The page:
The recently-adopted citywide master plan for revitalization, Richmond 300: A Guide for Growth, was recently awarded the 2021 Daniel Burnham Award for a Comprehensive Plan from the American Planning Association (APA). This award recognizes an innovative plan that helps create a more prosperous and equitable community for current and future residents.
Richmond’s plan certainly focuses on the right actions, boosting affordable housing and public transit while concentrating economic growth on repurposing, renewing and reconnecting old industrial areas (AKA the 3Re Strategy). The City Center Small Area Plan portion of the master plan emphasizes redeveloping vacant and under-utilized parcels in Downtown Richmond, most of which are owned by the city.
“Richmond is a prime example of how planning can help a community begin to overcome past wrongs like redlining and practices that unfairly excluded specific populations from access to opportunity,” said Kristen Asp, AICP, 2021 APA awards jury chair. “This plan, combined with their laser focus on implementation, is an example for other communities around the country on how planning can and should address systemic racism.”
That all sounds wonderful, of course, but let’s not forget that some 90% of cities’ “master plans”, “comprehensive plans”, “strategic plans” and “revitalization plans” are never implemented. As documented in the recent book, RECONOMICS: The Path To Resilient Prosperity, plans are too often viewed as an end in themselves: creating a plan is frequently confused with action and progress.
The act of planning is fine, but plans more often get in the way of revitalization, rather than advancing it. There are many reasons for that, but the most crucial is that places focus on the plan, rather than on the process. The renewal process is what produces results: a plan is just a document…an ignored document, in most cases.
Years of work by City staff, as well as thousands of residents, business owners, and other community members, resulted in the adoption of Richmond 300 in December 2020. The Department of Planning and Development Review (PDR), and specifically the Office of Equitable Development, are now working to implement the recommendations of the plan, which seek to achieve the outlined vision over the next 20 years.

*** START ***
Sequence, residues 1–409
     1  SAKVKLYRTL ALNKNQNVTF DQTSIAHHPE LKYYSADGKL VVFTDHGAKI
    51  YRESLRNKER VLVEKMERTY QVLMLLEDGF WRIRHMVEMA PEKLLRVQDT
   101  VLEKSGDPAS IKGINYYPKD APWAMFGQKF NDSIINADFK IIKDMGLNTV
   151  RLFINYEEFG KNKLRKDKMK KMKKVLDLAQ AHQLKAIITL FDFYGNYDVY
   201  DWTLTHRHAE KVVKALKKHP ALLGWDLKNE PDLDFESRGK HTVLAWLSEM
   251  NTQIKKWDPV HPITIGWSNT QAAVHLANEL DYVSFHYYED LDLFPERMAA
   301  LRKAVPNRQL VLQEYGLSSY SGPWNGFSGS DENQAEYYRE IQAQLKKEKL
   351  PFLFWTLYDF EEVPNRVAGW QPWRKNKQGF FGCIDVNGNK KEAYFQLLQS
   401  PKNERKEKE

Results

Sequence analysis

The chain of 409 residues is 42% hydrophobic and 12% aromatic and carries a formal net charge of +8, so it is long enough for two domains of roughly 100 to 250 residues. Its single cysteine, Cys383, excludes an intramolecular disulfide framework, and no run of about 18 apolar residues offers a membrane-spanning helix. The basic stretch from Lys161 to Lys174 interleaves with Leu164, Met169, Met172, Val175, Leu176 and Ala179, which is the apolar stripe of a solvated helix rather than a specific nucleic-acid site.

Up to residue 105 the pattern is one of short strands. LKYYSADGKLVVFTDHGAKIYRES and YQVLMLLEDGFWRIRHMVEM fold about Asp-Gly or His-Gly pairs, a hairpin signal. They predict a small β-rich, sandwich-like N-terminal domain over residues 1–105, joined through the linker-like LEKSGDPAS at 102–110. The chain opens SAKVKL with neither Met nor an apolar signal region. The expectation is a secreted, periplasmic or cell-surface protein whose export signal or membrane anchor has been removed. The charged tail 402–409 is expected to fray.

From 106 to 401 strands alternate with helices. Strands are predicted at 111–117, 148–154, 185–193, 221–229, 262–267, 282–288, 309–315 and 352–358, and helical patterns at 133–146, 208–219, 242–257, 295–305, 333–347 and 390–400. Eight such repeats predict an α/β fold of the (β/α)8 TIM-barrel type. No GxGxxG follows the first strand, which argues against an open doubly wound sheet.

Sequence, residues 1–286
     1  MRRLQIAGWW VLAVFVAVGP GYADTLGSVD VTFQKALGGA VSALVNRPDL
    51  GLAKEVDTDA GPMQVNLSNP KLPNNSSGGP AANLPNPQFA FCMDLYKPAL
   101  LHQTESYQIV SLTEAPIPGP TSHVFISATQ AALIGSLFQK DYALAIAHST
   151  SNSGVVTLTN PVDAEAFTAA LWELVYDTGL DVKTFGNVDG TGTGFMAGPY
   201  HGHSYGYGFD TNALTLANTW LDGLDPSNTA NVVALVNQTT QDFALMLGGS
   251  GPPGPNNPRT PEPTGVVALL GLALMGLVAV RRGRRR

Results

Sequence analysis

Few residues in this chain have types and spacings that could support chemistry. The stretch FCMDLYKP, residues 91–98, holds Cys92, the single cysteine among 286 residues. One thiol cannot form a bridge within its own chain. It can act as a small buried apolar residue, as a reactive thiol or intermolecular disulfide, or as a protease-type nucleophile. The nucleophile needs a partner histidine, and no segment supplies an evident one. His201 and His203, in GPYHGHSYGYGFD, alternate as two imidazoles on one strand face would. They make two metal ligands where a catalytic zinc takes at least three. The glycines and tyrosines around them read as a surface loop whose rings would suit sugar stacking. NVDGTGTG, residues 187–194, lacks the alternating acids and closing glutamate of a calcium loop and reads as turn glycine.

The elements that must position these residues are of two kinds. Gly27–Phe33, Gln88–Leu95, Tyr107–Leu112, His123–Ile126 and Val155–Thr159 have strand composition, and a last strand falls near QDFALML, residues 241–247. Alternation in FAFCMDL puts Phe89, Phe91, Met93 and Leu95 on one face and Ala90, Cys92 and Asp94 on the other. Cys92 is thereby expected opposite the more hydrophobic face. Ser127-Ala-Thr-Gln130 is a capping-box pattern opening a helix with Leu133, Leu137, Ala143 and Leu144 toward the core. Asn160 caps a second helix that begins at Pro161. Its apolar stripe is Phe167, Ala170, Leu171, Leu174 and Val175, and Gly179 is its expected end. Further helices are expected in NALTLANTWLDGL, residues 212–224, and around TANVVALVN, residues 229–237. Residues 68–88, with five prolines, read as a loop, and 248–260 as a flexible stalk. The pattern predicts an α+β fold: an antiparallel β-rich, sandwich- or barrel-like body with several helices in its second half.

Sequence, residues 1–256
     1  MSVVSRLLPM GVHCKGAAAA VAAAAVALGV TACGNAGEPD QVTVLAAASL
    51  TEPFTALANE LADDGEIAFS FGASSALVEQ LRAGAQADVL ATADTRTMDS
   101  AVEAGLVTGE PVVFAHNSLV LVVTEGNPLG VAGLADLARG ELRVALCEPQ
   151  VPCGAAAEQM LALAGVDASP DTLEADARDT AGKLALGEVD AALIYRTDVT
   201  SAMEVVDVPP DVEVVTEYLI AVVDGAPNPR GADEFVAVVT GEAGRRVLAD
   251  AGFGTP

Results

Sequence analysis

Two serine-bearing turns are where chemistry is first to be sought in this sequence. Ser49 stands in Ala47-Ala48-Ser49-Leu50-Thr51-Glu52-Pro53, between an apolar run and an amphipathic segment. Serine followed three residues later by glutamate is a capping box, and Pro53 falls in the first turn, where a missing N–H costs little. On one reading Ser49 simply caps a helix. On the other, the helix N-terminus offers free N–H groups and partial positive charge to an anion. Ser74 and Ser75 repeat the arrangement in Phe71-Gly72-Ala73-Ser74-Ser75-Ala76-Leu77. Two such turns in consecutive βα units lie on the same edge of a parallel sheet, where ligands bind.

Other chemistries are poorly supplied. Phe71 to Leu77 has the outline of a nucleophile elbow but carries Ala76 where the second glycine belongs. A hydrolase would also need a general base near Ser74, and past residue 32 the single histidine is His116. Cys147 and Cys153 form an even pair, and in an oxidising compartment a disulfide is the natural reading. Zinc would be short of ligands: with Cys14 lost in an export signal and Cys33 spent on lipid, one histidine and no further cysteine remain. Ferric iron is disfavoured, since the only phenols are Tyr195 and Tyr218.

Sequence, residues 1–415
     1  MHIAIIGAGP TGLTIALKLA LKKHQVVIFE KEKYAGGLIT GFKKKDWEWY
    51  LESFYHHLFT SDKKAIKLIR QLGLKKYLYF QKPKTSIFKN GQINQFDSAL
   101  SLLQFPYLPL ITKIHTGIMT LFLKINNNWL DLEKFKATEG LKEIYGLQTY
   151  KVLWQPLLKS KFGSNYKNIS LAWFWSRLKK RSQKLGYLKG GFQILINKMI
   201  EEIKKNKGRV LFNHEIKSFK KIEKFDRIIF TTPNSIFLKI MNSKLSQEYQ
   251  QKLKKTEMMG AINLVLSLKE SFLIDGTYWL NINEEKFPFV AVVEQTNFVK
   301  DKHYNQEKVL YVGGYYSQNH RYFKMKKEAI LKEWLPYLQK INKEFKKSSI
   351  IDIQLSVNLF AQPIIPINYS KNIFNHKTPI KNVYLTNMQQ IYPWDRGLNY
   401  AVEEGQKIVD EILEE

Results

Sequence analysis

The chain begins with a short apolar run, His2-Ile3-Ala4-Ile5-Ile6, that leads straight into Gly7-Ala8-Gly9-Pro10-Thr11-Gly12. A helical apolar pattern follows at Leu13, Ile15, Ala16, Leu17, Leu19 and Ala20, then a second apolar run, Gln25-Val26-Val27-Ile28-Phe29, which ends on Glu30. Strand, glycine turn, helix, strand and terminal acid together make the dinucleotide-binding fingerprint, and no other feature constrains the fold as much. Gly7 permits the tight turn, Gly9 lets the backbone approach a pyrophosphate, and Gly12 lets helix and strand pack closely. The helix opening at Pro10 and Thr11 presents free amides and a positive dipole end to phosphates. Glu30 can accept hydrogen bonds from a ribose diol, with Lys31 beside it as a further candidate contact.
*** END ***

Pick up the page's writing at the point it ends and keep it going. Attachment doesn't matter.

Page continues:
“This recognition of Richmond 300 by the American Planning Association is a testament to all the hard work over many hours by the thousands of community members that participated in this planning process,” said Mayor Levar Stoney.
“Overcoming years of divestment, specifically in our Black and Brown communities, is an immense task, and Richmond 300 steps away from the status quo and provides bold yet sound approaches to combatting inequities by adopting to our changing environment, addressing affordable housing needs, and fostering economic inclusion,” he added.
The Plan sets the overall vision for the future of the city and provides high-level recommendations to create a more equitable, sustainable, and beautiful Richmond for its 300th birthday in 2037. The Plan outlines specific recommendations across five topics: high-quality places, equitable transportation, diverse economy, inclusive housing, and thriving environment.
“We’re grateful and humbled to serve as trusted advisors to the city for Richmond 300 and are thrilled the plan is receiving this honor from APA,” said Mike McIntyre, program director with AECOM, lead consultant firm for Richmond 300. “From the start, our goal was to break the mold and build this plan with maximum transparency and community input. This award belongs to every person who got involved, lent their voice, and helped shape Richmond 300 into something we can all be proud of. We’re excited for our city’s next chapter!”
The sheer breadth and length of any comprehensive plan can make it difficult to execute; therefore, Richmond 300, outlines 6 Big Moves to deliberately advance over the next 5 years:
- Re-write the Zoning Ordinance;
- Re-Imagining Priority Growth Nodes;
- Expand Housing Opportunities;
- Provide Greenways and Parks for All;
- Reconnect the City; and
- Realign City Facilities
“Creating Richmond 300 is the first step in envisioning a more equitable Richmond,” said Maritza Mercado Pechin, AICP, PDR Deputy Director and Manager of the Office of Equitable Development. “I am looking forward to continuing to engage the Richmonders as we collectively implement the recommendations in the plan.”